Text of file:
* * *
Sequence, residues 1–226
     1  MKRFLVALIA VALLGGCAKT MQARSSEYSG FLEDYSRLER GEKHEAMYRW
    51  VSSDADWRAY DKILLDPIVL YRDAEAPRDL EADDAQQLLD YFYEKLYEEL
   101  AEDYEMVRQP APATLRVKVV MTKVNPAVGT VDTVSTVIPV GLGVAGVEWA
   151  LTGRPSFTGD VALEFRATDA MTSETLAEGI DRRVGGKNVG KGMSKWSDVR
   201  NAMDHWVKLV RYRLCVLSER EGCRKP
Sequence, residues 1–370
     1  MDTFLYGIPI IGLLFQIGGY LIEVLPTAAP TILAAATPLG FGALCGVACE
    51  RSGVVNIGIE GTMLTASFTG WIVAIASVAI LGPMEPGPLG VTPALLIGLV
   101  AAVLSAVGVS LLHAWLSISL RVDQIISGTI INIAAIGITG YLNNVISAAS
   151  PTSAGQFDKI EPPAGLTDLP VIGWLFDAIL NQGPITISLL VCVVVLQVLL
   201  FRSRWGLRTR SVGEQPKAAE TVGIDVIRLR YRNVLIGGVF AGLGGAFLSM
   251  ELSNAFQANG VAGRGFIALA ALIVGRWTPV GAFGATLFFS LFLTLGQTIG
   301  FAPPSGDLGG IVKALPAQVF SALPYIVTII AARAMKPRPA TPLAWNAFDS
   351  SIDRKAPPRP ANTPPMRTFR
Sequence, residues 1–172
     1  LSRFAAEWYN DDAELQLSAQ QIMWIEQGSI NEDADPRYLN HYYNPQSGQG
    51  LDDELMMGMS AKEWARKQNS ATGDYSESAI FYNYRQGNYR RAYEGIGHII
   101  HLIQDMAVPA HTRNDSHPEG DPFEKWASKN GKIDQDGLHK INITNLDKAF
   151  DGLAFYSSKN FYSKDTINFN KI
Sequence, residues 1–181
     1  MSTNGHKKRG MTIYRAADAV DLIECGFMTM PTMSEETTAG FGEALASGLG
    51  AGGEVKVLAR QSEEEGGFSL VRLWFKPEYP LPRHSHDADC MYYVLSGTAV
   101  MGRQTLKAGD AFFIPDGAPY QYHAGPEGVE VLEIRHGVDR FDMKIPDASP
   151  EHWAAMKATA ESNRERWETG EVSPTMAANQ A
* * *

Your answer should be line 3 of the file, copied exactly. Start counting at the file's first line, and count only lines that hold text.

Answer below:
    51  VSSDADWRAY DKILLDPIVL YRDAEAPRDL EADDAQQLLD YFYEKLYEEL